What can we do?

Our recommendations for improving employment of disabled people

Structural inequalities in the labour market

Structural inequalities in the labour market cause the gap between disabled people and non-disabled people’s employment rates. Removing these inequalities will not be simple, and will need the combined effort of many different actors. It may take some time for these changes to be felt. But making them will create a society in which many more disabled people are able to enter, stay in and progress in work.
There are four areas which need to be addressed:

Employer Attitudes

Employer attitudes affect every aspect of work and employment for disabled people. It is vital that employers appreciate the impact that their attitudes and actions have on enabling disabled people to enter and stay in work.

Negative attitudes are fuelled by lack of information, understanding and confidence in dealing with disability. There are a few relatively straightforward steps which employers can take to make a significant difference:

  • Find out about good practice around disability in employment from organisations such as the Chartered Institute of Professional Development, or from government guidance. 
  • Stay abreast of government schemes which are there to help, such as Access to Work. 
  • Embed flexible working practices – flexible working is one of the most commonly requested forms of reasonable adjustment made by disabled people, and can be relatively easy and inexpensive to put in place. 
  • Talk openly and honestly with disabled employees about what adjustments and support they need to perform at their best. Disabled people are the experts in their own condition.

Improving job retention

Reducing the number of people unnecessarily leaving the labour market is an important part of increasing the employment rate amongst disabled people. Employer attitudes are significant in enabling disabled employees to stay and progress in work. But, there are also important steps government can take to begin to address poor retention rates amongst disabled people. This will improve the disability employment rate.
  • Expand Access to Work, to ensure that more disabled people receive the support they need to stay in work.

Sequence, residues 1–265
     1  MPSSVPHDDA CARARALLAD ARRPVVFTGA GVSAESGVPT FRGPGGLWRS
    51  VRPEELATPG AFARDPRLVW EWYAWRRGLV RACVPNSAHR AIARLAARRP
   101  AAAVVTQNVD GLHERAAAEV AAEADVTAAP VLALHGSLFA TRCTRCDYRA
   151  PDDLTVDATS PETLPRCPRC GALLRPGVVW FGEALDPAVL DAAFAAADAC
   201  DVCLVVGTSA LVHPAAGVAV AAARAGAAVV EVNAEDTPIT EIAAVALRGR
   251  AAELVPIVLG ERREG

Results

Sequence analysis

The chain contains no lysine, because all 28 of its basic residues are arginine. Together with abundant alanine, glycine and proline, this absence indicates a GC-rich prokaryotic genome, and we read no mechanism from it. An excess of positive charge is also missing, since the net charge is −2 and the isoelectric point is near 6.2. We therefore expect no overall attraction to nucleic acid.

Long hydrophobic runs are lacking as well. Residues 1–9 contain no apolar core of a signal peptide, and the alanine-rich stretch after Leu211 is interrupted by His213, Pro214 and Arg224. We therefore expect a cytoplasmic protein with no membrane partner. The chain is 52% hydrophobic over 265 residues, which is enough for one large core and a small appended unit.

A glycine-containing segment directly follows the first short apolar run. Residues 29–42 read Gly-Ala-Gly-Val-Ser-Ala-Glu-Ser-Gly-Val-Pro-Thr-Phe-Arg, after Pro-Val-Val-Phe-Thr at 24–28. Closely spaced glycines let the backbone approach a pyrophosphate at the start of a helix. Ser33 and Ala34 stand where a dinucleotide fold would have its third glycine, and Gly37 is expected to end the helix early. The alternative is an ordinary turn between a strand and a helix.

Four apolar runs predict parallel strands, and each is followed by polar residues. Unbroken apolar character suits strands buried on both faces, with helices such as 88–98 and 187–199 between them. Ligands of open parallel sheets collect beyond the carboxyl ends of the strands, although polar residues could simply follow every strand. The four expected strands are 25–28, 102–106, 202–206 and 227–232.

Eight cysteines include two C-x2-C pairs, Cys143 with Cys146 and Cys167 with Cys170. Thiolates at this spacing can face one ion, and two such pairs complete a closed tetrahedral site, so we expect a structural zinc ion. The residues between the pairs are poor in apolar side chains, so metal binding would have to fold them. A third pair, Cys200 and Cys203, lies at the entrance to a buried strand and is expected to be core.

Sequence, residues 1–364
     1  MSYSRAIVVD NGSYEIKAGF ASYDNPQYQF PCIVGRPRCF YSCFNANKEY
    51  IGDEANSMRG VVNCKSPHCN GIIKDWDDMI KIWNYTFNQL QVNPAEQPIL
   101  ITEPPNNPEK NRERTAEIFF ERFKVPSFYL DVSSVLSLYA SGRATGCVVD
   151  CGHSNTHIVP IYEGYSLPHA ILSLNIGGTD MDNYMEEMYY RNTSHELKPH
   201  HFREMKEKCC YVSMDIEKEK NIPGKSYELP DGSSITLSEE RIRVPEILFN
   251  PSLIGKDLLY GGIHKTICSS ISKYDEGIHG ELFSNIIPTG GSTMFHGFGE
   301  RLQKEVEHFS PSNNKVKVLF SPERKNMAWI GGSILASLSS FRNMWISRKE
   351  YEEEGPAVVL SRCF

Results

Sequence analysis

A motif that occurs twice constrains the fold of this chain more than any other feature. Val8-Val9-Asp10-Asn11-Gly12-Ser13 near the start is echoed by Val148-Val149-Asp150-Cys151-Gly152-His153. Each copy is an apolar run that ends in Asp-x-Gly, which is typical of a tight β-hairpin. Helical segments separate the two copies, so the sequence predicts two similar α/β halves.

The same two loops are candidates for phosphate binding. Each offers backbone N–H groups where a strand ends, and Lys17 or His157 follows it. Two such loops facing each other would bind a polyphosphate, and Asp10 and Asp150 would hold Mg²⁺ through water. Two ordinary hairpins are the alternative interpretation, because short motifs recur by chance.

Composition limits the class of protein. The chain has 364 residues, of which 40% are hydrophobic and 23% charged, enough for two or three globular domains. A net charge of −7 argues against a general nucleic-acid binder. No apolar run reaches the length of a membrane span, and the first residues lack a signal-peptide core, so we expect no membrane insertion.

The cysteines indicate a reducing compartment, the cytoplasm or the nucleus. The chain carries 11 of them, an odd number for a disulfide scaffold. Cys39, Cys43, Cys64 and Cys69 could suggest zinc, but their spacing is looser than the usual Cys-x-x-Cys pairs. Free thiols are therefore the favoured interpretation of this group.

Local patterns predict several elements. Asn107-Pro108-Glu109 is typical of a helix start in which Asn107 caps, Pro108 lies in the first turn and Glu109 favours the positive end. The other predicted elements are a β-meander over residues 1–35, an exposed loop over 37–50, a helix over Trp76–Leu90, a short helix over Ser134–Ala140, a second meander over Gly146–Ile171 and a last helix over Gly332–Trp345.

• Remove the proposed cap on awards through Access to Work of more than £40,800. 
  • Introduce legislation which mandates the option of part-time leave for disabled people adjusting to changes in or fluctuations to their condition. Ensuring that individuals avoid long term, full time sickness absence and maintain their connection to the workplace is crucial in keeping them in employment.14 
  • Introduce specialist in-work support targeted at supporting disabled people who are at risk of leaving the workforce prematurely.

Personalised employment support

Disabled people face systematic and structural barriers to entering work. Many disabled people need specialist employment support to overcome these barriers.
Current specialised employment support programmes are small. National attempts to create larger tailored employment programmes have not yet led to personalised, specialist, support being put in place.
  • Replace the Work Capability Assessment (WCA) with a Distance from Work Assessment. This should be focused on identifying an individual’s barriers to work and referring to appropriate support. 
  • Increase the number of Disability Employment Advisers. All disabled job seekers should have access to specialist advice and support. 
  • Move all disabled job seekers out of the Work Programme and into specialist support. 
  • Pilot personal budgets for employment support.

Disability, Localism and Growth

Many local areas are starting to think about how they can do more to use new powers and funding streams to improve employment outcomes for disabled people. This is usually in smaller, specialist schemes.
But few are thinking about the disabled labour force from the start. There is a tendency to view disabled people as an ‘add on’ tacked on at the end of wider plans. This is a missed opportunity. It ignores the important role disabled people can and must play in the economic recovery.
  • Put increasing the rate of employment amongst disabled people at the heart of future employment and growth strategies 
  • Use existing initiatives within devolution and localism plans to improve employment rates amongst disabled people.


Enabling work report

Being in work is about more than just a wage. It is about being independent, interacting with your peers, and being able to achieve your goals and aspirations.